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Cashew nuts are a native to Brazil and they have been viewed as a delicacy since generations. In recent times, cashews have become well-known throughout the world for their very delicate taste and significant health benefits. However, manufacturers always sell cashews in a shelled state and a part of the shell contains a resin which is harmful for consumption. It is possible to buy raw and roasted cashews and even cashews that have been seasoned with multiple flavourings. They can be consumed as a snack, an addition to salads, smoothies, and other sustenance.  With each serving, you can attain numerous health benefits that differentiate them from other nuts.

It is a popular element that found its way to the Indian cuisine. The cashew tree grows to extraordinary heights having an irregular trunk. Large juicy apples hang from the branches and at the bottom of the fruit lies an attached cashew nut. It is available all around the year and due to its great shelf life, it is stored and protected properly. Both the nut and the fruit have various uses. The nut was known as the poor man’s plantation though it is sold for high prices now. Back when nomads had no idea on how to consume the fruit, the nut was thrown away and the fruit was eaten.

Some basic facts about Cashew nuts

  • Scientific name: Anacardium Occidentale
  • Family: Anacardiaceae
  • Common name: cashew kernel, kaju (hindi)
  • Sanskrit name: bhallātaka भल्लातक
  • Parts used: Almost all parts of the cashew tree have medicinal properties. The kernel, the cashew apple and the leaves are edible.
  • Native region and geographical distribution: Cashew nuts originated in north-eastern Brazil and spread into South and Central America. The Portuguese brought it to India and East Africa which then spread to Sri Lanka, Indonesia and Malaysia. In the 17th century, The Spanish took it to the Philippines. At present cashew is cultivated in many tropical countries; the main producers are Brazil, India, Vietnam, Mozambique and Tanzania.
  • Interesting facts: The cashew resin is used in industrial products such as paints. It is also found in the car as it is used in brake liners
  1. Cashew nuts nutrition facts
  2. Cashew nuts health benefits
  3. Cashew nuts side effects
  4. Takeaway

Cashews are a type of nut with a soft consistency and a pleasant flavour. Recently, they are being used to make dairy alternatives such as cashew milk, cashew-based cheese, cashew-based cream sauces, and sour cream. Cashew milk is healthy and can be used in place of milk for vegans.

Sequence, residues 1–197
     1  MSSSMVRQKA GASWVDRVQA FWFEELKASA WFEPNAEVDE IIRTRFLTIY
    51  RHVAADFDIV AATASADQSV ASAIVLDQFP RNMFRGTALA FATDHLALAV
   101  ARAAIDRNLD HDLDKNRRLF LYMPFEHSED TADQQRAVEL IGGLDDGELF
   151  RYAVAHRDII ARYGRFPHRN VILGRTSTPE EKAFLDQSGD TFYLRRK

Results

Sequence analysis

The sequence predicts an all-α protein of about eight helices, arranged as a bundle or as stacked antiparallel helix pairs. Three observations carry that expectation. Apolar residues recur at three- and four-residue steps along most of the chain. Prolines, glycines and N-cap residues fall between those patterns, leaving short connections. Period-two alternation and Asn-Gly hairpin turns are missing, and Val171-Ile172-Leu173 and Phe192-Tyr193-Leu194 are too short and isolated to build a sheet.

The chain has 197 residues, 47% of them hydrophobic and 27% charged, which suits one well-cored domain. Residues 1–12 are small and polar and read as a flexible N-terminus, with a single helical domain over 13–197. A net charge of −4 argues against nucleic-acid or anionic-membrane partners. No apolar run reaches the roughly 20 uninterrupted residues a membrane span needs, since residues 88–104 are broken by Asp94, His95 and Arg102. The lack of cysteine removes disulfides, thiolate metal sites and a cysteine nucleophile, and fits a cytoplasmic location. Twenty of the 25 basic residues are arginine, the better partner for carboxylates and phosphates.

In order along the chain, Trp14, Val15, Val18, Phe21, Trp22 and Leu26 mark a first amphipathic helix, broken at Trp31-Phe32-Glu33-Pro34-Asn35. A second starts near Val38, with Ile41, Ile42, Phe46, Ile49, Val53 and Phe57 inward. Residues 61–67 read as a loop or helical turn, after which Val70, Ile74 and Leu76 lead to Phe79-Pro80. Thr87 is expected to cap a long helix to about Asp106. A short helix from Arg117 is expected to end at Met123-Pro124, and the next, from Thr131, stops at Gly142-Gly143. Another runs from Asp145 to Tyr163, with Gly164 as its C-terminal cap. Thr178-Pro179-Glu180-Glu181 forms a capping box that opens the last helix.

Cashews contain vitamin C, vitamin B and 7 micrograms of DFE Folate. They are high in monounsaturated and polyunsaturated fats and a good source of protein.

An ounce serving of cashews consists of about 18 whole cashews and 100 grams of cashew contains 553 calories.

As per the USDA Nutrient Database, 100 grams of cashew nuts contains the following values:

Nutrient Value per 100 g
Water 5.2 g
Energy 553 kCal
Protein 18.22 g
Fats 43.85 g
Carbohydrate 30.19 g
Fibre 3.3 g
Sugars 5.91 g

 

Minerals Value per 100 g
Calcium 37 mg
Iron 6.68 mg
Magnesium 292mg
Phosphorus 593 mg
Potassium 660 mg
Sodium 12mg
Zinc 5.78 g

 

Vitamin Value per 100 g
Vitamin B1 0.423 mg
Vitamin B2 0.058 mg
Vitamin B3 1.062 mg
Vitamin B6 0.417 mg
Vitamin B9 25 µg
Vitamin C 0.5 mg
Vitamin E 0.90 µg
Vitamin K 34.1 µg

 

Fats/ Fatty acids Value per 100 g
Saturated 7.783 g
Monounsaturated 23.797g
Polyunsaturated 7.845 g

Cashew nuts for weight loss

When compared to the diets where nuts are not included, people consuming nuts on a regular basis tend to lose weight faster. Although excess consumption of nuts is considered to increase weight,  evidence from epidemiological and controlled clinical studies states that the nut consumption is not associated with heavier body weight.

According to epidemiological evidence published in The Journal of Nutrition, people who consume nuts have a lower BMI rate than those who do not. Nuts like cashews are loaded with omega-3 fatty acids that play a role in boosting the metabolic process leading to the burning of excess fat.

So, nuts are a delightful snack for those looking to shed weight as they are nutritious and filling.  For best results, it is better to consume them raw, without any added flavours.

(Read more: Diet chart for weight loss)

Cashew nuts for circulatory system

Regular consumption of cashews and in limited proportions may aid in shielding off blood diseases. Cashews are rich in copper which plays an important part in iron absorption from the food. Copper deficiencies may reduce the iron intake in the blood, leading to anemia. Therefore, our diet should contain the required quantity of copper and cashew nuts act as a good source of this mineral.   

Cashews are a good source of antioxidants like vitamin E and Vitamin K. Antioxidants are the compounds that contradict the oxidative damage in the cells. They sweep through the cells, neutralizing free radicals that cause damage to the blood cells. Antioxidants reduce the fat oxidation in the arteries thereby reducing the risk of atherosclerosis and high blood pressure.

Cashew nut for athletes

Cashew nuts are not only rich in proteins and calcium but also contain phytochemicals and antioxidants in abundance. A diet high in antioxidants and phytochemicals may reduce exercise-induced oxidative stress in athletes leading to a better health. Protein-rich diet benefits immunity, muscle soreness and overall health of the athletes and a healthy athlete can definitely perform better. Adequate micronutrient intake (notably folate, carotenoids, B6, B12, C, E, zinc, copper, iron, and selenium) by athletes has been suggested to improve the immune function.

(Read more: Antioxidant-rich foods)

Cashews for immune system

In addition to the high amounts of copper content, cashews are also a great source of zinc. Decreased zinc content in the body compromises the immune system functioning as the mineral plays an important role in the development of immune system cells, production of antioxidant enzymes and the activity of immune system regulators. One ounce serving of cashews provides 1.6 mg of zinc helping which is 14.5% of the daily recommended zinc intake for men and about 20% of the daily zinc recommendation for women. Adequate zinc intake has been associated with a healthier immune system which means that cashews can significantly help in fending off your next cold!

(Read more: Immunity boosting food)

Cashews for heart health